As its mission, Phindie provides independent coverage of Philadelphia theater and arts, with a focus on independent theater. So the Philly Fringe Festival* is a perfectly aligned two-week event. With previews of nine distinct neighborhood fringes, interviews with the artists behind some of the most anticipated shows, and eight reviewers attending about 70 (SEVENTY!) performances, Phindie is providing more in-Festival coverage than any other publication in the city.**
Check this link for all the 2013 Philly Fringe Festival reviews and read on for some tips on what to see.
Pre-Festival critics’ picks
With eight reviewers submitting requests for reviews, it was easy for Phindie to see which shows were in-demand by the people who love theater the most and give it the most critical consideration. Here are the top pre-Fest critic choices.
Pay Up (Pig Iron Theater Company)
Perennial Fringe favorites Pig Iron (Zero Cost House, 2012; Twelfth Night, 2011; Cankerblossom, 2010; Welcome to Yuba City, 2009) entertain and challenge again with the Presented Fringe show Pay Up, which explores how we spend our money, time, and limited choices. Previews began a couple days ago and Phindie can testify: the pre-Fringe buzz is correct. September 4-22, 2013. Tickets.
Holly’s Dead Soldiers (Bruce Walsh, Douglas Williams, Chris Davis)
Bruce Walsh has been involved in six previous festival productions, including three in what is now the Presented Fringe. He wrote and produced last year’s critically acclaimed living room piece, Chomsky vs. Buckley, 1969, and returns this festival with a similarly intimate show. He is joined by admired playwright Douglas Williams and writer Chris Davis. Davis authored 2012 Fringe fave 1 Year and a Day and has impressed since with two one-man pieces: Drunk Lion and The Violence of the Lambs. Performances take place at Walsh’s Northern Liberties home and Williams’s Mount Airy home. Tickets are probably already sold out, but if not, get one now. Kegs and eggs, Capote style. (Interview with Bruce Walsh.) September 7-14, 2013. Tickets.
Traveling Light by Lindsay Harris Friel (Liam’s Soda Cushion Fortress)
The Fringe often throws up such unlikely company names as Liam’s Sofa Cushion Fortress. Spearheaded by local director Liam Castellan, the Fortress is the force behind Traveling Light, a new work by local playwright Lindsay Harris Friel about a meeting between two icons of swinging London: Beatles manager Brian Epstein and playwright Joe Orton. (Interview with Liam Castellan.) September 6-14, 2013. Tickets.
Bathtub Moby-Dick (The Renegade Company)
The Renegade Company has provided Philadelphia audiences with a stream of engaging theatrical productions: Hamletmachine, The Amish Project, and Glass: Shattered. Renegade is making a splash in the 2013 Fringe Festival with Bathtub Moby-Dick, a repurposing of Herman Melville’s masterpiece. The venue was found on Airbnb, a rubber duckie has a supporting role and, yes! it takes place (largely) in a bathtub. (Interview with director Michael Durkin). September 4-22, 2013. Tickets.
The Object Lesson (Geoff Sobelle)
Fringe star Geoff Sobelle (Elephant Room, 2011; Amnesia Curiosa, 2006; all wear bowlers, 2005) eschews his acclaimed clown routines to explore the inner life of objects in this Presented Fringe production. “An absurdist mystery about the search for meaning in a massive collection of stuff.” September 12-21, 2013. Tickets.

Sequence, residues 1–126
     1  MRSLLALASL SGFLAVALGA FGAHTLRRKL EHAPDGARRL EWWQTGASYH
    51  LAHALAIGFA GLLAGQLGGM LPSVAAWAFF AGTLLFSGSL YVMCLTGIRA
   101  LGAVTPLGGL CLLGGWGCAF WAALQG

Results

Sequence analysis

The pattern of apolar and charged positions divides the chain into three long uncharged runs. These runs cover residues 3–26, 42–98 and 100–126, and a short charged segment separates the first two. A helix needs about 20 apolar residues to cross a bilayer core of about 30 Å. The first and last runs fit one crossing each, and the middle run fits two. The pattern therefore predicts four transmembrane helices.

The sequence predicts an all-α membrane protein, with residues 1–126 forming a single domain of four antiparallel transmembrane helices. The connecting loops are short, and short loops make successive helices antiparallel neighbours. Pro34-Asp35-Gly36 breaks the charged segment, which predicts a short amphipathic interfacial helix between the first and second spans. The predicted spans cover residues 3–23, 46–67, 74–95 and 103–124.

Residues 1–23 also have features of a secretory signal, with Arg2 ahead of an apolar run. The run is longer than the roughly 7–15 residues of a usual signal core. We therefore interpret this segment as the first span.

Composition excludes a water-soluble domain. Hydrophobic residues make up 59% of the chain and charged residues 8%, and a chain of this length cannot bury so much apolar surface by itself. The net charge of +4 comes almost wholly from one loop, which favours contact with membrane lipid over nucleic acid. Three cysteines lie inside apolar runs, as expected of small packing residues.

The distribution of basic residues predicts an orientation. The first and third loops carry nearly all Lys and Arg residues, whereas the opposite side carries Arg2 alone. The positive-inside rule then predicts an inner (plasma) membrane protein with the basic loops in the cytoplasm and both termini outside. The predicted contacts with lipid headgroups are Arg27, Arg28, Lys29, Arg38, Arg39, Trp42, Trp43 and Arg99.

St Joan, Betrayed (Mary Tuomanen and Aaron Cromie)
Local actor Mary Tuomanen and her director beau Aaron Cromie make a formidable duo. Following up 2011′s Fringe hit A Paper Garden, they bring their considerable talents to Saint Joan, Betrayed, a one-woman (and puppets) piece about French rabble-rouser/national icon Joan of Arc. (Play preview and interview with Aaron Cromie) September 5-14, 2013. Tickets.
Others receiving buzz: The Sea Plays (Philadelphia Artists’ Collective), The Ballad of Joe Hill (Swim Pony Performing Arts), Franz Kafka’s The Castle (The Idiopathic Ridiculopathy Consortium).
Get more Fringe tips from Phindie with these previews of 9 neighborhood fringes
- Center City Fringe
- Old City Fringe
- South Philly Fringe
- Northern Liberties Fringe
- Fishtown-Kensington Fringe
- Fairmount Fringe
- West Philly Fringe
- Northwest Philly Fringe
- Suburban Philly Fringe
*A note on names: The Philadelphia Fringe Festival began in 1997, inspired by the world-renowned Edinburgh Fringe Festival, itself originally an offshoot of the Edinburgh International Festival. In 2004, the Fringe rebranded itself as the Philadelphia Live Arts Festival and Philly Fringe, reflecting its two distinct programming streams: events sponsored by the year-round organization, including performances by international artists (Live Arts), and the open-call productions open to any artist (Philly Fringe). Under pressure from the continued resonance of the “Fringe” brand, the organization renamed itself again in 2013. The year-round arts org is now known as the (very brand agency-ish) FringeArts; the two-week festival is promoted as the “2013 Fringe Festival”. But googling “Fringe Festival” will take you to a list of results from around the world. So it seems likely the name for the annual festival will converge on either the original moniker, “Philadelphia Fringe Festival”, or the sobriquet cum official name cum former name, “Philly Fringe Festival”. With inconsistency, Phindie has chosen to use the latter, the shortened “Fringe Festival”, or just “Fringe”.
**EDIT: Okay, as it turns out, this is probably not true. Yay City Paper!